Isle of Wight Observer April 1, 1893
M Pachmann’s conduct was eccentric enough when he paid a visit to Ryde a week or so ago. When he came on the platform and sat down and commenced running his fingers up and down the keys. “Bah! Nairvous,” he exclaimed, “Put dem lights down!” He waited for a second and began again, but, as none of those composing the front seats of audience seemed to think it their duty to jump on the platform and extinguish the gas, he shouted “Veel no von put out ze gas?”
Eventually the hall keeper came, and there was some distraction caused by his mounting chairs, and then the gas was extinguished. The gifted player even then seemed anything but tranquil, and once when he apparently did not touch the correct note he said “sac-r-r-ree-e-e-e!” in a very audible tone of voice.
Then he quieted down and managed to get through a difficult passage to his satisfaction, and looking around as if to say “What do you think of that?” caught the eye of a lady who smiled and nodded. That put him in a good humour. He played to that lady the rest of the evening. Chopin’s music flowed dreamily from the piano, quite a new revelation to many, and the audience warmly applauded. Pachmann was all right after that. His face beamed, and after the performance he favoured the local manager with a stage embrace. “Oh, I do like ze Ryde people,” he said enthusiastically, “They is ze nicest people I play to for very long time.”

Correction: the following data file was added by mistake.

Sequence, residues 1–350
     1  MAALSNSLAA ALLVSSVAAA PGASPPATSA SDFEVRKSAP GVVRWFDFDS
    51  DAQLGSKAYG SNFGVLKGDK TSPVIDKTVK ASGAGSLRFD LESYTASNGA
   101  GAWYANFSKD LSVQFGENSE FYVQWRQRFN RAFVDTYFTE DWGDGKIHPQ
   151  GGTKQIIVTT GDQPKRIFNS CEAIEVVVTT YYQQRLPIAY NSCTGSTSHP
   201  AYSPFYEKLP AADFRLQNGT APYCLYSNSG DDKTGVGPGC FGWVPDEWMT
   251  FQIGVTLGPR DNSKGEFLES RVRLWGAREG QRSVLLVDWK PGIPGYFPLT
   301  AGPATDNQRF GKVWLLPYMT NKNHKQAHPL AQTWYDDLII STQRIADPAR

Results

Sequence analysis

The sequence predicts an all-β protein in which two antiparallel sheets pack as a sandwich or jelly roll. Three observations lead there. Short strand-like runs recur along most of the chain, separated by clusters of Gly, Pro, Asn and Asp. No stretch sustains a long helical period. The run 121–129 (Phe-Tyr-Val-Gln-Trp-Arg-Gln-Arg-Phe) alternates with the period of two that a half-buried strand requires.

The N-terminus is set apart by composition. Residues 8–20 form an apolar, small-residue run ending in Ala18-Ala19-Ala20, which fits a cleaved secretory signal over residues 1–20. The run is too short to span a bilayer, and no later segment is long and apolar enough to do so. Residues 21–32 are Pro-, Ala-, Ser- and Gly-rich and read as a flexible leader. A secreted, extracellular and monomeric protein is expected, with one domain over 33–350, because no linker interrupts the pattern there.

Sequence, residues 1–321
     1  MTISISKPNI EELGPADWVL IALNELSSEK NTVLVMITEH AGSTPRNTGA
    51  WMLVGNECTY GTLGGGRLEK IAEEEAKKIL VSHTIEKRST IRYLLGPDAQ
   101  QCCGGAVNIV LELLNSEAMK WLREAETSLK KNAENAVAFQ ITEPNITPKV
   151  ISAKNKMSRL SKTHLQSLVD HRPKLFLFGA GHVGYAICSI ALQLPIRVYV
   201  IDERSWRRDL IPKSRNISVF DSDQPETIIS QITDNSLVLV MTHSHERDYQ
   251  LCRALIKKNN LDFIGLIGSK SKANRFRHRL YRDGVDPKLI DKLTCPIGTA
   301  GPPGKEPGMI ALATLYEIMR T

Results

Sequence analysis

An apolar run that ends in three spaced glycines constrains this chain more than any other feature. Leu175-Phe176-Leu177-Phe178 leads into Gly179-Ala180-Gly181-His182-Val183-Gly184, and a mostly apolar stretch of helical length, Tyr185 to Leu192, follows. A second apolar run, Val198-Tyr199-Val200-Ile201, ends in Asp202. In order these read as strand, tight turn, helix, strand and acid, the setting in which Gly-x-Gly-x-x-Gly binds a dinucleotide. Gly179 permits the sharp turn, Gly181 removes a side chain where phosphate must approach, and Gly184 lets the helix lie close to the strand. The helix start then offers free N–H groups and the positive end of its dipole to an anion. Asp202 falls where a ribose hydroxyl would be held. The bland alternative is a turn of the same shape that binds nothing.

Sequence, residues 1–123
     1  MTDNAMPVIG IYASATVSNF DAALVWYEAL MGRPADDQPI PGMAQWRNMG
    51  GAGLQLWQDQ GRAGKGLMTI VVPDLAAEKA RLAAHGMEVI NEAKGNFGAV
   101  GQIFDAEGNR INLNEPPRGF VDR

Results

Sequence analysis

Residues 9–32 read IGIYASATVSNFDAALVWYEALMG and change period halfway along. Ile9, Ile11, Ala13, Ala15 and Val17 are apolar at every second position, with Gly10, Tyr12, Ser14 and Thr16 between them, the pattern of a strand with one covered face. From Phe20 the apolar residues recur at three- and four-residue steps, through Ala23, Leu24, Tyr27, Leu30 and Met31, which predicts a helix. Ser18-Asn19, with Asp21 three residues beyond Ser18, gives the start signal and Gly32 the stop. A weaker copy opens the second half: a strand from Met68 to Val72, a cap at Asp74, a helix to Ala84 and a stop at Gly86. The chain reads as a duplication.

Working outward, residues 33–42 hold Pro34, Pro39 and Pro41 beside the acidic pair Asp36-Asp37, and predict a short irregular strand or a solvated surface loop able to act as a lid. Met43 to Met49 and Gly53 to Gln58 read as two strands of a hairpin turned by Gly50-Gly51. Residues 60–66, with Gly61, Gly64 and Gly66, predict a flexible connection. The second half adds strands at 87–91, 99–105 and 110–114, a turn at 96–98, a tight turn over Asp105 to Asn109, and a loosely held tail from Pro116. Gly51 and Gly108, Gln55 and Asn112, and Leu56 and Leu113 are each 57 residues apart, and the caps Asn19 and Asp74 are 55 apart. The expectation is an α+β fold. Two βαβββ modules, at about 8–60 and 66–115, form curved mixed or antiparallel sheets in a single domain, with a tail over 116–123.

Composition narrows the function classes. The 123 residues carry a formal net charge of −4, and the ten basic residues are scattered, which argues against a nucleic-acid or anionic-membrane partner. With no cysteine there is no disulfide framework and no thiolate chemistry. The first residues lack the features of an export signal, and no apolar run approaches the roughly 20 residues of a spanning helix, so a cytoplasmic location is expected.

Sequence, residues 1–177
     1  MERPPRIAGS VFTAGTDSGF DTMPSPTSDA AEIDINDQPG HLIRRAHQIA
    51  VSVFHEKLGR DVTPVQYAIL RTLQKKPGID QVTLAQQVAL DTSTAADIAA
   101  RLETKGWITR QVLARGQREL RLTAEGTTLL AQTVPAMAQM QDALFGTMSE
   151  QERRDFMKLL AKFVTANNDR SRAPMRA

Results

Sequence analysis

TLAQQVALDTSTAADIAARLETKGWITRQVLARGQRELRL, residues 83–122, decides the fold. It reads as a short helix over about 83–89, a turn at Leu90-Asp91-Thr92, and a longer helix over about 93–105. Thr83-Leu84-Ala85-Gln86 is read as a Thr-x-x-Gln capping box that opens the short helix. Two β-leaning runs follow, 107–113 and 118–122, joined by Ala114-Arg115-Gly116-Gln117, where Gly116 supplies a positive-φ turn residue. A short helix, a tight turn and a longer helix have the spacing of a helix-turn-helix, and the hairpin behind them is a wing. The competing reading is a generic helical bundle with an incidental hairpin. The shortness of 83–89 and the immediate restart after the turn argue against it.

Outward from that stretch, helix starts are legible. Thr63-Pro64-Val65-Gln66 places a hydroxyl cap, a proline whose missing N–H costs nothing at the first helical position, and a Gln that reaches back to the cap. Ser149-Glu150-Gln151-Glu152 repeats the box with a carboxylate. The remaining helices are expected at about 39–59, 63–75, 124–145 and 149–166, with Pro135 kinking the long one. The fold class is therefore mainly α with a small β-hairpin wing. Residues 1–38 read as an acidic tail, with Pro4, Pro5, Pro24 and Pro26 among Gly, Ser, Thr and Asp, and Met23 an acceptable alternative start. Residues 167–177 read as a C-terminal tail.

At Southsea, however, he was in a very bad humour. The Portland Hall was not crowded, and they applauded in the wrong places, and we understand he was so much annoyed that he threw in a little musical instruction gratis. After playing very softly and sweetly, he informed them “Zat ees piano, and this (he added, giving a tremendous crash at the keys) is forte.” But all this was capped by what he has just done at Weston-Super-Mare. He was recalled after a piece of Paderewski’s, and in announcing the title of his encore piece he is reported to have said, “Paderewski is de most modest artiste dat I have never (sic) seen; I myself am de most unmodest artist except Hans von Bulow. He is more unmodest zan I am.”
Vladimir Pachmann (1848 – 1933), an acknowledged top player of the time, was renowned for his eccentric style. Wikipedia reveals that George Bernard Shaw once reported that Pachmann ‘gave his well-known pantomimic performance, with accompaniments by Chopin.’